‘Woman on Fire,’ Thrills, Secrets and Lost Art
Woman on Fire: A Novel By Lisa Barr (Harper)
In Woman on Fire, Lisa Barr returns to the theme of art under the shadow of Nazi Germany that earned her awards and accolades for her debut novel, Fugitive Colors. Barr, the daughter of a Holocaust survivor, is a long-time art lover and journalist who is a former managing editor of Moment Magazine and Today’s Chicago Woman. Now, she brings her passions and life experience to fiction. Woman on Fire combines mystery, thriller and romance along with Barr’s penchant for strong female characters and her exhaustive research into Nazi-looted art, giving readers a page-turner that educates as it entertains.
Jules Roth, the novel’s protagonist, is a young journalist on a mission that sends her across the United States and Europe to find a painting stolen by the Nazis 75 years earlier. The object of her pursuit is Woman on Fire, a life-size portrait of a woman consumed by brilliant-colored flames. The painter, fictional German expressionist Ernst Engel, who also appears in Fugitive Colors, was murdered by the Nazis in their purge of avant-garde artists whom they labeled “degenerate,” and the painting disappeared. Jules races to find it, guided by her mentor, Chicago Chronicle editor Dan Mansfield. This search is personal for Dan, who wants to return the painting to his dying friend, Ellis Baum. Ellis’s mother, Engel’s model, was shot by the Nazis as her son watched. Ellis wants to see the painting of his mother one last time before he dies.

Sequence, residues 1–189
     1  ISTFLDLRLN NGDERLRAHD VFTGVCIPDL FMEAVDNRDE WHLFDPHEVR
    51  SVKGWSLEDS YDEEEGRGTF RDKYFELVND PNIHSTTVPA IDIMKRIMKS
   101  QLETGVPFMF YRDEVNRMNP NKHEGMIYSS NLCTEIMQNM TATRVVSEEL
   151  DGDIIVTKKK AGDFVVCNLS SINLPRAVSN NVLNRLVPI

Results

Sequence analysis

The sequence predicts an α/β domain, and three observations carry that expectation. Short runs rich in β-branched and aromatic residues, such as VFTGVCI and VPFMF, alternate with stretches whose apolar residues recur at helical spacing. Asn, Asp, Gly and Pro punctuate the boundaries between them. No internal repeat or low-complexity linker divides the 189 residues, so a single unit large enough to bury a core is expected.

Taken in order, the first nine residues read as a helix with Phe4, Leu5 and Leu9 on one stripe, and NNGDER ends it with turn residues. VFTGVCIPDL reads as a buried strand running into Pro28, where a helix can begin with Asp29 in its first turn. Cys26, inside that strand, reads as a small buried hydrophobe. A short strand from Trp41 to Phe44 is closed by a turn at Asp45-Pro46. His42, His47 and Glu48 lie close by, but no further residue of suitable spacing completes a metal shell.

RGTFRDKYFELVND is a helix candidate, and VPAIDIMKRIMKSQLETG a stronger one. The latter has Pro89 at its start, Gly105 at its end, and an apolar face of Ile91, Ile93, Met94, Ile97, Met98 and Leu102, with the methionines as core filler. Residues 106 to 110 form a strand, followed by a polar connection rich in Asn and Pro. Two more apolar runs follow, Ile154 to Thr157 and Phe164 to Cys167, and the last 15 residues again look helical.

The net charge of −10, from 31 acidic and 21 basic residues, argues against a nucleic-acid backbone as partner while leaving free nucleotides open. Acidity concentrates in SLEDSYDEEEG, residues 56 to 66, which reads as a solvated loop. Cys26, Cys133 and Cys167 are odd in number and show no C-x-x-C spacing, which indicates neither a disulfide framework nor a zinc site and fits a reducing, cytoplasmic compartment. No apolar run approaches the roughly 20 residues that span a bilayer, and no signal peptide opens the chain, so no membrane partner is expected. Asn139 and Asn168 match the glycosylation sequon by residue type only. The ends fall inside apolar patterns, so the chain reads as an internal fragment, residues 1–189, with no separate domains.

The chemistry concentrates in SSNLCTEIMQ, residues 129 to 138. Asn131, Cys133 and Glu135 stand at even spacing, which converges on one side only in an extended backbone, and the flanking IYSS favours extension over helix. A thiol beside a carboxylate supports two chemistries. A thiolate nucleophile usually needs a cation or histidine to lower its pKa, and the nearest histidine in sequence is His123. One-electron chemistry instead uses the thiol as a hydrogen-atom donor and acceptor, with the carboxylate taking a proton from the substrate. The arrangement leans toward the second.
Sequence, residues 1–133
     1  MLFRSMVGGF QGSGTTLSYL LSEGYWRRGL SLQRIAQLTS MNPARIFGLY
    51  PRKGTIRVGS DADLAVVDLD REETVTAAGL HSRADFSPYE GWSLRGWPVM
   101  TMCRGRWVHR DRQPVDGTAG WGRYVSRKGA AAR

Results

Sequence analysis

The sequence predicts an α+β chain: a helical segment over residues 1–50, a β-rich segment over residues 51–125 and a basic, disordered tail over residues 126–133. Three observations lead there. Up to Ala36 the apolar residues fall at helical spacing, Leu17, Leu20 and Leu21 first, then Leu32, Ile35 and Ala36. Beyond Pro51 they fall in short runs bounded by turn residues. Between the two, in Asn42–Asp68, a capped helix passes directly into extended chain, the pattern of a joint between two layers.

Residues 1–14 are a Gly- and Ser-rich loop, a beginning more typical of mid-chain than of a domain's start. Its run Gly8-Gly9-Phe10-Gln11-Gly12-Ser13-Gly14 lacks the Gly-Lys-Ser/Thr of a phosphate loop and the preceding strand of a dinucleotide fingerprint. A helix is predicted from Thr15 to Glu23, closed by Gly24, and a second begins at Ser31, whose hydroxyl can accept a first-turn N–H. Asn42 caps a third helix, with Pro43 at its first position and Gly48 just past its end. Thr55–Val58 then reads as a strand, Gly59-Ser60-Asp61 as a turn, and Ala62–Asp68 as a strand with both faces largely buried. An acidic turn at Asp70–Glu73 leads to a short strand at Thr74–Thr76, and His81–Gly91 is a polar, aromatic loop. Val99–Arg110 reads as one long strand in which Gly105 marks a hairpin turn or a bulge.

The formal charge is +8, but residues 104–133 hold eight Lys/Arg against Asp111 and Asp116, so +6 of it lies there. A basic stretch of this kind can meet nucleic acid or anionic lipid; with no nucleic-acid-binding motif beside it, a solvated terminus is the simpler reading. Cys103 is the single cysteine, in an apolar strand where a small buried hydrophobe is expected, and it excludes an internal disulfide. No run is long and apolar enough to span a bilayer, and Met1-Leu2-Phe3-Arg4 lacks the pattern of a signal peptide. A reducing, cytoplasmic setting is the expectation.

Every suspense novel needs an enemy, and here Barr gives us the strong, unscrupulous Margaux de Laurent—a Paris art dealer who would do anything to possess the long-lost painting. The twist here is that Margaux believes the painting belongs to her; there is evidence that her grandfather briefly owned the painting during the war.
REGISTER NOW: ONE BOOK, ONE HADASSAH LIVE WITH LISA BARR
Woman on Fire is the One Book, One Hadassah national book club pick for April. Register here for our Zoom event on April 7 with author Lisa Barr.
As Jules uses her investigative skills to track the provenance and whereabouts of Woman on Fire, we readers are immersed in the painful travails experienced by contemporary families still trying to recover Nazi-confiscated art. Barr forces us to consider whether multiple families or institutions might have a reasonable claim to the same artwork, and is there a difference between coerced sale versus outright theft?
The twists and turns of the story include a little too much hot-and-heavy romance for my taste (note Ellis’s “ruggedly handsome” grandson Adam, who joins Jules on her quest). But Barr also gives us more complexity than a genre thriller, delving into secrets of the art market and raising questions of forgeries, forced sales, provenance and ownership. Even Margaux, after breaking into an apartment to abscond with a trove of Nazi-looted art, asks: “If I stole from the art robbers—does that make me a villain or a hero?”
Elizabeth Edelglass is a fiction writer, poet and book reviewer living in Connecticut.
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